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AUE Weekend Trip Report, May 27-29, 2006

As always, I was looking forward to our annual jaunt out to the deep wrecks northwest of the Dry Tortugas over the Memorial Day weekend.  This year, I was especially enthusiastic since it would be an all rebreather trip:  lots of extra room and no noisy compressor between dives!  Even though we have been diving these same wrecks for over six years, we never grow tired of them as they are some of the most spectacular shipwrecks Florida has to offer.  Warm water, typically great visibility, large and abundant marine life, loaded with artifacts, and visually spectacular.  However, this year would present us entirely different wrecks due to the influence of Hurricanes Katrina and Wilma. 

It became apparent that both the RHEIN and ARABY MAID were extensively damaged during the storms.  The port side of RHEIN's hull was dramatically folded over onto itself in places, and collapsed towards the center in others.  The midship superstructure was totally decimated.  Where there were two deck levels standing before only massive piles of scattered debris remained.  In other areas, the deck collapsed towards and into the centerline of the vessel at dramatic angles.  Other areas of the upper hull were torn loose from the lower hull and keel.  Many areas were denuded of once luxurious growth and encrustation.  The flexing of the hull shattered over 65 years of encrustation off the starboard bow, leaving bare metal hull plates.  The engine room simply does not exist any longer -- the engines now rest completely in the open.  My first dive on the wreck was one of disbelief, shock, and horror.  While I have always understood that shipwrecks have a finite lifespan in the harsh ocean environment, I did not imagine so much change could occur over so little time to wrecks in deep, offshore areas.  Especially not to these wonderful shipwrecks.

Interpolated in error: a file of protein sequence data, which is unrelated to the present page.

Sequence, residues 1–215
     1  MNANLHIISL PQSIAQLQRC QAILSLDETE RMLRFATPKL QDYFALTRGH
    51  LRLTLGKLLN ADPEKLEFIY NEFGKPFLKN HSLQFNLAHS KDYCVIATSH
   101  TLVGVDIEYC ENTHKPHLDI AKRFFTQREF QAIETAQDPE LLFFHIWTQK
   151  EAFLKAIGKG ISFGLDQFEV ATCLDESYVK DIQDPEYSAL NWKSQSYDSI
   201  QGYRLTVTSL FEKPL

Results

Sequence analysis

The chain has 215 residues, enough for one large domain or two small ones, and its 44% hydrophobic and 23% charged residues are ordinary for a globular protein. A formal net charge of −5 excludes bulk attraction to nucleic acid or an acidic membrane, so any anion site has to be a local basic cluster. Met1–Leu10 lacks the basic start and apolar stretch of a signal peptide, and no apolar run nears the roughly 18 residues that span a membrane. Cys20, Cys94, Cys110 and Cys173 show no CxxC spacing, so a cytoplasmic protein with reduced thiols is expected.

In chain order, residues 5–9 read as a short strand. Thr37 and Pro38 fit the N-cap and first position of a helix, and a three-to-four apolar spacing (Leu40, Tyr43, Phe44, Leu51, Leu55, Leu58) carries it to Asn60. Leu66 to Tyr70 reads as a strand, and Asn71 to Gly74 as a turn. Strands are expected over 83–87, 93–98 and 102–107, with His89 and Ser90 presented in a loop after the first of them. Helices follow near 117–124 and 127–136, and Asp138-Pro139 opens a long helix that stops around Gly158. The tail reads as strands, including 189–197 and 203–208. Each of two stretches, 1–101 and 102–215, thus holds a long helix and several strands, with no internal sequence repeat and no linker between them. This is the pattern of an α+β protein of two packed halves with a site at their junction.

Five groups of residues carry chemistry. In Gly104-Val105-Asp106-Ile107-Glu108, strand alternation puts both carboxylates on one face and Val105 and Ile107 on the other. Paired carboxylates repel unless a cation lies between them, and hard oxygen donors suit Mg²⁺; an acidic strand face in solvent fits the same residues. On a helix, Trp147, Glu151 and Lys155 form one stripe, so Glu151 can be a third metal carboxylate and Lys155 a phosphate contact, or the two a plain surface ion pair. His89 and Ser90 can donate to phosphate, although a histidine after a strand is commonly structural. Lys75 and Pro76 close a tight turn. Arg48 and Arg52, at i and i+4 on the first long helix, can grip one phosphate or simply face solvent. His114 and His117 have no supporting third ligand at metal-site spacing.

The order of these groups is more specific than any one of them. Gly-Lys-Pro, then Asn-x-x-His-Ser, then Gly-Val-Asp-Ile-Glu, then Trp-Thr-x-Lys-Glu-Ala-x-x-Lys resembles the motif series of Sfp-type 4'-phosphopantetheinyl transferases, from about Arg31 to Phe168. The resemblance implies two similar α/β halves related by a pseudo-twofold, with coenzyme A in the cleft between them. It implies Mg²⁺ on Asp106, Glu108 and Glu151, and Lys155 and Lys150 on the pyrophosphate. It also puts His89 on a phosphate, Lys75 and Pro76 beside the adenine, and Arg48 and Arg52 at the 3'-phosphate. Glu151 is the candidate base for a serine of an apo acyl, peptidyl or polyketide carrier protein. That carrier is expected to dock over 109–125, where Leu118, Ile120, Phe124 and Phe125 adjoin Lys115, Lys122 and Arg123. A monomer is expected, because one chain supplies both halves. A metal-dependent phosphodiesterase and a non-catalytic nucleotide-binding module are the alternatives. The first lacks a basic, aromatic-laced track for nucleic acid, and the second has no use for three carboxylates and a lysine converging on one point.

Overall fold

The ARABY MAID was also impacted, but due to her lower relief, major structural damage was largely confined to the collapse of her upper deck support beams in areas.  As a result, the once intact lower wooden deck now resembled a lumber yard impacted by a tornado.  Planks of her deck were cast off the wreck as far as 150 feet into the sand.  Having survived over 100 years since her sinking, her inevitable demise will likely be hastened due to the 2005 hurricane impacts.

BEFORE - views of the remaining superstructure amidships.

AFTER - leveled upper decks and twisting of hull inward towards the centerline.

(l) BEFORE - starboard forecastle; (r) AFTER - pronounced list to starboard.

(l) Cargo hold aft of the superstructure with portside hull being pushed into it; (r) exposed engine amidships.

(l) Looking aft along the starboard deck amidships - note the angle of collapse; (r) Joe over the debris field along the port side.

(l) port side hull deformation; (r) a view of the portside hull where the upper portion of the vessel has been torn away from the lower hull.

(l) Pizzio checking out the ARABY MAID; (r) looking towards the bow, with the collision damage to the hull visible in the background.

(l) View of the oven that once was on the upper deck; (r) another view of the shattered lower deck.

(l) Pizzio rescues a porthole from inevitable destruction; (r) Joe saves one also.